Immerse yourself in the traditional Sarawak lifestyle on this 2-day private cultural tour from Kuching to the village of Batang Ai. With a private guide, visit a Ukom longhouse (a typical Malaysian house built on stilts and shared by families) and meet native Iban people, original inhabitants of the island of Borneo. See another side of Malaysia as you discover their indigenous way of life. Learn about how they reconcile native customs with modern-day conveniences, like electricity and the internet, and spend the night in a village guesthouse!
Sarawakian’s rich cultures and customs, unique traditional rituals, dances, foods, and costumes are among the things that continue to intrigue and fascinate visitors and researchers from around the world. Their warm hospitality and simple ways of life are also some of the traits that many visitors find endearing.I guess, the fascination for this exotic destination also stems from interesting stories about the headhunters of Borneo. Images from National Geographic or Discovery Channel showing small dark people with tattooed bodies donning fancy headdresses of exotic bird feathers must have also fuelled the curiosity of our foreign visitors.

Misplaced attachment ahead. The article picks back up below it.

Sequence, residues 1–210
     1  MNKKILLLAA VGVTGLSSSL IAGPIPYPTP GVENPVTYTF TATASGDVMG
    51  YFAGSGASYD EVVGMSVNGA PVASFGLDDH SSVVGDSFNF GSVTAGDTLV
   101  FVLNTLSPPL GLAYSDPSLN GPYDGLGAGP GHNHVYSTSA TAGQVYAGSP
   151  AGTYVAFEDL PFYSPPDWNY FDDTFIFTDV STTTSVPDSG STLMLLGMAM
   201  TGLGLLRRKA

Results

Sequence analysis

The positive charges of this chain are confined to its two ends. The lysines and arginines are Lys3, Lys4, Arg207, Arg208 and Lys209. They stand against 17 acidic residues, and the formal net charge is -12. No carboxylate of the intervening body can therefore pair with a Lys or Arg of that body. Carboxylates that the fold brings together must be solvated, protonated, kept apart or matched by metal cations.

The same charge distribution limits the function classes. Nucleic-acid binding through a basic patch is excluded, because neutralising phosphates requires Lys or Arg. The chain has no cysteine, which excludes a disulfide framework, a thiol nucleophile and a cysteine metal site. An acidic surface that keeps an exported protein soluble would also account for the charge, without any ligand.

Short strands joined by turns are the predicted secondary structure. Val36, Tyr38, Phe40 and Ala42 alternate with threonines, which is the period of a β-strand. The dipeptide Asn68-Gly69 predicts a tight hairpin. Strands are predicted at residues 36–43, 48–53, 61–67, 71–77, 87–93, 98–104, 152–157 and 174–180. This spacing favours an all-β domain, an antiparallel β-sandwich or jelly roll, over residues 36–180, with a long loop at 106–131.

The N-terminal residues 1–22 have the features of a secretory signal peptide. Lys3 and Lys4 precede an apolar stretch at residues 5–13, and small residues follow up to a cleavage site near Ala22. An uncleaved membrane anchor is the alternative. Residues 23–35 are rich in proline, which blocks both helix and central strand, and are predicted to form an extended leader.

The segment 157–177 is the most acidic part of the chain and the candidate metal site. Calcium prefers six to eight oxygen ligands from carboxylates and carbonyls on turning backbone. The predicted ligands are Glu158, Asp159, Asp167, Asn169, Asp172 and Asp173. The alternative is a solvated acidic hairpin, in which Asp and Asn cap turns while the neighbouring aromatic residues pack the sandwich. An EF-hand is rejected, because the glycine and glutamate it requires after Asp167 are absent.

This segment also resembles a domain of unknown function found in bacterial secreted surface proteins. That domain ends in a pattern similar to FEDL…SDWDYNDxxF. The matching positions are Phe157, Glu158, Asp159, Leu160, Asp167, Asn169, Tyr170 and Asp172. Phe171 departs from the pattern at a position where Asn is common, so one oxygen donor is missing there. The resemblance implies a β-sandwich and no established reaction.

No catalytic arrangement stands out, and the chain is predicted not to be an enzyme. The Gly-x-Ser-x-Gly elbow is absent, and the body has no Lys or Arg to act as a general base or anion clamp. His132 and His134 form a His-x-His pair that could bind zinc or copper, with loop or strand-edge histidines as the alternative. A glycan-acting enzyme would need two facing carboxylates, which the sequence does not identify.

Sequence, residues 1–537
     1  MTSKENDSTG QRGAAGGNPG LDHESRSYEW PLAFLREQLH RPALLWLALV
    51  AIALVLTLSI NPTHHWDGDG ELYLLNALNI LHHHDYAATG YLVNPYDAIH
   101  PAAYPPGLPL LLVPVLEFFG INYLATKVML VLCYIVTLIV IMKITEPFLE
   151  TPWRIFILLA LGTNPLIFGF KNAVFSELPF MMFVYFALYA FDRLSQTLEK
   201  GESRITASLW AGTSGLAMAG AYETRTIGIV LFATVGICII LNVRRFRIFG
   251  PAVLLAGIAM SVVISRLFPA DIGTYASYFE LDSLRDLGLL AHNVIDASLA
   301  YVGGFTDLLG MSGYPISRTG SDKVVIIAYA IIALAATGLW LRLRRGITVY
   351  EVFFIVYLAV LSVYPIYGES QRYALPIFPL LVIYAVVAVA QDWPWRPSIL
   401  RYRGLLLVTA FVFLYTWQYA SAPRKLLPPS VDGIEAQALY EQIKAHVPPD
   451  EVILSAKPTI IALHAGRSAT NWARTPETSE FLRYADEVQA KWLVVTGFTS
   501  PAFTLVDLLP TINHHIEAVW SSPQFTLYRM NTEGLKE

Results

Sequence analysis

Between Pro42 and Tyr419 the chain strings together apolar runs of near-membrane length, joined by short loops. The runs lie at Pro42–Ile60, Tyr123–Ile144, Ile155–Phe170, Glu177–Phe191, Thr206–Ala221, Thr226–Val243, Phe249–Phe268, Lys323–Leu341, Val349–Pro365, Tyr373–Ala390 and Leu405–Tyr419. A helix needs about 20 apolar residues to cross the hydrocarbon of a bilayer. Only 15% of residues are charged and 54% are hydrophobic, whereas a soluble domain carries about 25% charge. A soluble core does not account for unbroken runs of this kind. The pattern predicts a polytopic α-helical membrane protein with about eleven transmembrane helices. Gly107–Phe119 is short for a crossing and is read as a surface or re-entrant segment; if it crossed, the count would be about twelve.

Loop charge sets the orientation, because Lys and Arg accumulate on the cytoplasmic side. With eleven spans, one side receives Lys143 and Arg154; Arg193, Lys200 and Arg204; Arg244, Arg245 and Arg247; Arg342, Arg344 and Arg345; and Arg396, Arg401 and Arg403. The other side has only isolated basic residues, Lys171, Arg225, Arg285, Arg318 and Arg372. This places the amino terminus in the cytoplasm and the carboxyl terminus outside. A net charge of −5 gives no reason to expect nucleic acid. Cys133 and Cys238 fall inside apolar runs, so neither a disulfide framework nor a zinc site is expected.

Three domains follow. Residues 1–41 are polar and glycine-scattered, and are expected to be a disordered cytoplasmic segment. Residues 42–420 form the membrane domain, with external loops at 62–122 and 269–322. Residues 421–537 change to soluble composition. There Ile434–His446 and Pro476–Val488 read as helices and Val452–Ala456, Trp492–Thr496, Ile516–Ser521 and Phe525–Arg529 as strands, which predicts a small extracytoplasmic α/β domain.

High Quality Content by WIKIPEDIA articles! The Ukit is a tribe found in Sarawak, Borneo. They are a small minority people who until recently were nomads in the rain forests of Borneo. Some were settled at Rumah Ukit on the upper reaches of the Batang Balui or Balui River. Most of the Ukits are found in the Upper Rajom and Tatau rivers, Baleh, Sarawak. Ukit's population is small in numbers and suffer potential extinction due to many of the tribesmen being killed a long time ago. Heavy losses in war to stronger Dayak tribes in Borneo (Iban, Kayan & others) resulted them being chased out of their homelands (believed to be the Saribas, Kalaka and Krian areas). Intermarriages with other tribes is also another factor for their decreasing population. Today, the Ukit population is estimated to be only about 120. However there may still be an unknown number of Ukit living in their traditional way as forest nomads.